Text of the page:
With the Stanley Cup Finals kicking off late last week, the hockey world is already beginning to reflect on the narratives of the playoffs: Another first-round Leafs exit, a historic Connor McDavid performance, the brick wall of Jake Oettinger, and stand-out defence from Cale Makar.
As fun as these narratives are, the neglected story of Nazem Kadri should be at the forefront.
The story traces back to Kadri’s NHL beginnings in Toronto. After back-to-back 32-goal seasons in 2016-17 and 2017-18, the hockey world began to see glimpses of the player Kadri would later become. Filled with promise and potential, Kadri headed into the first round of the 2017-18 playoffs, where the Boston Bruins awaited. In game one, a chippy battle filled with missed calls led Kadri to the wrong side of Bruins forward Tommy Wingels, where he delivered a hit from behind that would result in a three-game suspension. The Leafs ultimately lost 7–4 in a game seven heartbreaker. The Leafs met the Bruins in the first round of the playoffs the following year and again, Kadri was suspended for five games for cross-checking Boston forward Jake DeBrusk in the head.
This was the end of Kadri’s tenure as a Maple Leaf.
In 2019, after being traded to the Colorado Avalanche, Kadri was suspended in the playoffs yet again, this time for a hit on Justin Faulk—eight games and the remainder of the Avalanche’s playoff run. At this point, it was more than just a few unlucky calls thrown Kadri’s way.
It is imperative to put these incidents into the context of the league’s treatment of non-white players to understand their broader consequences—in the case of Nazem Kadri, this extends to the treatment from fans, coaches, opposing players, and referees.
Jumping forward to the 2021-2022 season, Kadri has put on an unbelievable performance with a career-high 87 points despite missing 11 games to injury, creating space for himself as one of the most valuable players on a deep Avs team.
After driving to the net to try and tuck in a rebound in game three of the 2022 Western Conference semi-final, Kadri lost his footing, taking out Blues’ goaltender Jordan Binnington and leaving him with a season-ending injury. Despite no penalty being called on the play, and the majority concluding that it was a clear accident, Blues fans, players, and Binnington himself decided to take Kadri’s “punishment” into their own hands.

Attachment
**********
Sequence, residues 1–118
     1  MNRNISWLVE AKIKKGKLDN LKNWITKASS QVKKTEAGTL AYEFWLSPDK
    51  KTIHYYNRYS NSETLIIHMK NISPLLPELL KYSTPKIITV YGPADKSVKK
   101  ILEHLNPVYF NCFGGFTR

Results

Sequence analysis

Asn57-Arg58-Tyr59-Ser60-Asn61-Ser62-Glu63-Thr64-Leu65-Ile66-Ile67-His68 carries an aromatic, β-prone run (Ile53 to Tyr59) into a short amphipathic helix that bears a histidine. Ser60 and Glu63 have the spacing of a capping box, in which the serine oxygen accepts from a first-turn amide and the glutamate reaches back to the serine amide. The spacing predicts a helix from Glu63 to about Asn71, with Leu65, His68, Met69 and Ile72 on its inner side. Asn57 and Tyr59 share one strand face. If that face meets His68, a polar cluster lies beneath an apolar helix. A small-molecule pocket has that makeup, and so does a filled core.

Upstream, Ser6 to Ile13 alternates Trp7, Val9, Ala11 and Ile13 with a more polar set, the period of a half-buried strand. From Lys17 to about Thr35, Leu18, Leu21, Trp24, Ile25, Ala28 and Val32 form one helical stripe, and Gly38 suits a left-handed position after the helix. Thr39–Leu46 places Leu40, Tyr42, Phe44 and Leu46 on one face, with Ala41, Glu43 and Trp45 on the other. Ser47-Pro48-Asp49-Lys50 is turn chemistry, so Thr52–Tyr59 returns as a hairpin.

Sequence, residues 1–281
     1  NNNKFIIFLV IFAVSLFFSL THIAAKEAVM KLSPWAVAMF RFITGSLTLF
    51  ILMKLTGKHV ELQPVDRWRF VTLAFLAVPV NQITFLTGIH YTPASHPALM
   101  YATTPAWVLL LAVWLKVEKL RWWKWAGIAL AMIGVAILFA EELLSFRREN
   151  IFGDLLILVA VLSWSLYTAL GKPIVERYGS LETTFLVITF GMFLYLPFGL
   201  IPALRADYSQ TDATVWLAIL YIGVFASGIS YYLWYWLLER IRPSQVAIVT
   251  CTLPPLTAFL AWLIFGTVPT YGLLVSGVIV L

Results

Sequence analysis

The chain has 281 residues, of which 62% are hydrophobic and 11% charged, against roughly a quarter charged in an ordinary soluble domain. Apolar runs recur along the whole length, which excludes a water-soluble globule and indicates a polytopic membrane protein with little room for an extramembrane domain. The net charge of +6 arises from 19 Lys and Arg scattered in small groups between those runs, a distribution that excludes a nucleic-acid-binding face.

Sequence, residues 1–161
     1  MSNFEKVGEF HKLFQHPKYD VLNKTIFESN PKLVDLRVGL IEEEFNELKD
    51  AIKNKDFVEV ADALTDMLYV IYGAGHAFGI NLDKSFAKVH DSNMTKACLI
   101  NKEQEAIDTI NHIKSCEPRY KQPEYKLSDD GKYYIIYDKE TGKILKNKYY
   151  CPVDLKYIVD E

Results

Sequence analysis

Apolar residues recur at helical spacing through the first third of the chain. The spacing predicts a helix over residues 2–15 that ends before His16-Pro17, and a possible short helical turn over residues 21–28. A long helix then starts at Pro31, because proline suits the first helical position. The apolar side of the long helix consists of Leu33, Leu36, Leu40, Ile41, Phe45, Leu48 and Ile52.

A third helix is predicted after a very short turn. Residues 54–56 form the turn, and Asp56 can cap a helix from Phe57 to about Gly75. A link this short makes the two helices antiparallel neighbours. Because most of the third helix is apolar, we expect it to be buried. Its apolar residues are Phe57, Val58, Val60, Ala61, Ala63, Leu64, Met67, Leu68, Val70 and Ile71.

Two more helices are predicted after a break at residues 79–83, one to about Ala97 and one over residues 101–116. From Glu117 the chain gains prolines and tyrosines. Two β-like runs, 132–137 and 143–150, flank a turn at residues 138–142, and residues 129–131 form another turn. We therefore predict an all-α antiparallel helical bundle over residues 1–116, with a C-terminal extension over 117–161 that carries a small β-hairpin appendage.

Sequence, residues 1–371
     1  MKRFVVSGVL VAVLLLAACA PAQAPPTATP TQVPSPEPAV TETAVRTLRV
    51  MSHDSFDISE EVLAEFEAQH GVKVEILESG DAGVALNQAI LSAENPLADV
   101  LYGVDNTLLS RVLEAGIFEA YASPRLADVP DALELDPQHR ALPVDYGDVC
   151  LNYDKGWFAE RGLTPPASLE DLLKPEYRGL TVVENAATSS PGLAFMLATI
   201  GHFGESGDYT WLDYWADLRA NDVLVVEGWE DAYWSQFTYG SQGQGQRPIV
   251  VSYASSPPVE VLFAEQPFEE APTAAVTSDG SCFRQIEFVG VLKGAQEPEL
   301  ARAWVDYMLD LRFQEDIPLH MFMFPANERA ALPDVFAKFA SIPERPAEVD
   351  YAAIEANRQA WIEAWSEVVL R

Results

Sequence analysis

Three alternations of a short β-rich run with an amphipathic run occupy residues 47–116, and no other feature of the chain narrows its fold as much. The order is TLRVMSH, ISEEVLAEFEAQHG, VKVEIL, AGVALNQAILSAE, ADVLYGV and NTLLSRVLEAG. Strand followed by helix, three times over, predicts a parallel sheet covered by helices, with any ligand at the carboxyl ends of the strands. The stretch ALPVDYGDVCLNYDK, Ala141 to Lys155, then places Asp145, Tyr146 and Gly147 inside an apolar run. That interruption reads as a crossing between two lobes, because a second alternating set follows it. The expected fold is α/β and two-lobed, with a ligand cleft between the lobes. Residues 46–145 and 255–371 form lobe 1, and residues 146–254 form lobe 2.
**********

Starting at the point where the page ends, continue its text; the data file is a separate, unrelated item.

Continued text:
Binnington, who has a history of making Islamophobic comments and has previously expressed his discontent with Kadri by swinging a stick at his head, decided it would be appropriate to throw a water bottle at Kadri during a post-game interview. Binnington justified his water bottle throw as a “God-given opportunity”.
The NHL, despite claiming to support anti-racism, decided that Binnington’s actions were acceptable and gave no supplemental discipline for either. Not even a fine.
St. Louis fans began to send vulgar, violent, and racist threats via direct messages to Kadri’s wife and children, resulting in the involvement of St. Louis law enforcement. The response from the St. Louis Blues? Silence.
The Blues organization failed to condemn the attacks from their fans at any point in time. When asked about the threats, Blues Head Coach Craig Berube said “no comment”, a response he later revoked, instead citing his absence on social media for his unwillingness to speak on the matter.
And as for the Blues players? While all silent on their socials and in post-game interviews, David Perron and Pavel Buchnevich went after Kadri in game four. Following a scuffle after the play, Buchnevich cross-checked Kadri from behind, at which point Perron flew in with a second, more violent cross-check, tackled Kadri to the ground and began to throw punches.
Perron received a $5,000 fine, but still no suspension.
In a conversation with the Tribune, U2 Management student and die-hard Leafs fan, Owen Anderson, shared his thoughts on the treatment Kadri has received throughout his time in the NHL.
“Growing up as a Toronto Maple Leafs fan, I have gotten to watch nearly all of Kadri’s career,” Anderson said. “It was obvious that he was treated differently by the league, by the refs and by the fans. Hockey has a culture problem and unfortunately, Kadri has had to face it head-on. As a fan of the sport, you would hope that the league and referees would be impartial, but that just hasn’t been the case.”
Jumping ahead to the Western Conference Final, Edmonton Oilers forward Evander Kane boards Kadri from behind, leaving him injured for the rest of the series and potentially the Stanley Cup Final. Kane—a repeat offender—got a one-game suspension.
If Kadri were the perpetrator of any of these incidents, he likely would have received a hefty suspension. But these suspensions are not handed out when Kadri is the victim of violent abuse from opposing teams. Why?
Tim Peel, a former NHL referee who was fired after being picked up on a hot-mic saying he wanted to call a penalty against the Nashville Predators, lent some insight into the minds of the referees who make the calls. In a tweet that was quickly taken down, Peel called Kadri’s injury “KARMA!”. Enough said.
So here we are, asking ourselves what the league can do better in its treatment of players of colour. We even forget about Kadri’s unbelievable performance in game four of the Western Conference semi-final with a hat trick that carried his team to a 6–3 win. The focus is the racism that preluded it.
And again, we ask the question—shouldn’t hockey be for everyone?
In a world where Kadri is treated with such overt racism and negligence by the NHL and the Department of Player Safety, and where fans threaten his family and opposing players target him after whistles, in the corners, and in post-game interviews, it’s clear that we are just not there yet.